July 15, 2010


The Dolomites are a series of mountain groups in north-eastern Italy, in the Italian Alps.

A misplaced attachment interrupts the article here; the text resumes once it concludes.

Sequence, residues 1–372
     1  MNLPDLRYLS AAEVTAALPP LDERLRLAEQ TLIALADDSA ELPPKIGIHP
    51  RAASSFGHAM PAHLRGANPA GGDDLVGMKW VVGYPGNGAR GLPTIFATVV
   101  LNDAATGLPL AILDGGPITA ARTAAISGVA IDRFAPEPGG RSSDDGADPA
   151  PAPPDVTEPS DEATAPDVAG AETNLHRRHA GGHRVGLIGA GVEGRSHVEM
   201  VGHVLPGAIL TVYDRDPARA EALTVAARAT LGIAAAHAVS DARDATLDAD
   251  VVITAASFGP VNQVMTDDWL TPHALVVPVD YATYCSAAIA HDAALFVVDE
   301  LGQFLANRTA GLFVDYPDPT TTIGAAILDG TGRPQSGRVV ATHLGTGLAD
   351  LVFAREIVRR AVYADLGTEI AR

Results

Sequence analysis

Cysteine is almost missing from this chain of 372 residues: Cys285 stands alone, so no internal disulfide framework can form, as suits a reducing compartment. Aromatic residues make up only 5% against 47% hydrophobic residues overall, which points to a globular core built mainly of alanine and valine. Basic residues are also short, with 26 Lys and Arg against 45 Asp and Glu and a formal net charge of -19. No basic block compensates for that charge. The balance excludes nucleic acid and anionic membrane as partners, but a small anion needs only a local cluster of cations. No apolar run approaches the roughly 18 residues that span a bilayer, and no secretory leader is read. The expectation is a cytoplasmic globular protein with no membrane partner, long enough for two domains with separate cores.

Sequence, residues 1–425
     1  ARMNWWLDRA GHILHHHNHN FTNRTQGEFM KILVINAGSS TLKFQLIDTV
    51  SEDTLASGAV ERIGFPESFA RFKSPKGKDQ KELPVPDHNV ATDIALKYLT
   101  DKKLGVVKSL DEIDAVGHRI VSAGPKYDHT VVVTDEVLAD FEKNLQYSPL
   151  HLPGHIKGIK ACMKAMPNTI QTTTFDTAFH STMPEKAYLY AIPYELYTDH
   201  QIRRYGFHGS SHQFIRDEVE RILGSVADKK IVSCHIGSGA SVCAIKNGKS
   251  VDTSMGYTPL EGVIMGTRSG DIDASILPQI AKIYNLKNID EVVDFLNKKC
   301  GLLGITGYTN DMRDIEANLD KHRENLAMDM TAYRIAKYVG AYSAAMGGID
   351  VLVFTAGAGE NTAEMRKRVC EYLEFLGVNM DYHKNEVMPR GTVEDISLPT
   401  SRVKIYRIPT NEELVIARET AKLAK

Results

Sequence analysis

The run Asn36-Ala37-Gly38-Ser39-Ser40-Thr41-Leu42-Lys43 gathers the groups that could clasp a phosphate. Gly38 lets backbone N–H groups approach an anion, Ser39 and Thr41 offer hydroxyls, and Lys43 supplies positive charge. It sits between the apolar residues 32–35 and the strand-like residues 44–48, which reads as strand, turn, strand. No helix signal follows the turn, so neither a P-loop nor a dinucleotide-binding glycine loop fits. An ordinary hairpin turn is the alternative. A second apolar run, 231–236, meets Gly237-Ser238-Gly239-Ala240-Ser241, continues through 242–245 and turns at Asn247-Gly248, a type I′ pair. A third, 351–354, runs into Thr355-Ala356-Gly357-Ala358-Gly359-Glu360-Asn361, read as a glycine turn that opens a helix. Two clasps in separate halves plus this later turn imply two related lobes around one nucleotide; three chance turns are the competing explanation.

DolomitesThe Dolomites' cliam to fame is not great height: the tallest peak in this part of the Italian Alps, Monte Marmolada, reaches up only 10,964 feet. What makes Dolomites memorable is their incredibly bold contours, with stark, sheer-walled massifs rising straight up from gently inclined lower slopes. The contrast is especially striking in winter, when snow blankets the valleys and slopes but not the somber walls of stone. Looming against the horizon are massive rock formations that resemble needles, spires, castles, and fortresses. Saw-toothed ridges tower over distant valleys, while vertical walls rise straight up for 3300 feet and more. Dolomites are actually originated in a warm, shallow sea. Some 200 million years ago water covered the region, and a coral reef developed atop much older beds of shale and marl. Over the millennia the coral was compressed into a distinctive type of limestone that contains magnesium. Known as Dolomite, it was named after the 18th century French geologist Deodat Dolomieu, who first described the rock. During the period of mountain building that began 65 million years ago, the Dolomites were uplifted along with the rest of the Alps. As the mountains were rising, the forces of erosion began their work of wearing down. Valleys developed where the softer, more easily eroded shale and marl were exposed. The harder Dolomite, in contrast, wore away much more slowly. As a result, great mass of Dolomite remain more or less intact, forming the stark massifs that now typify this part of Alps.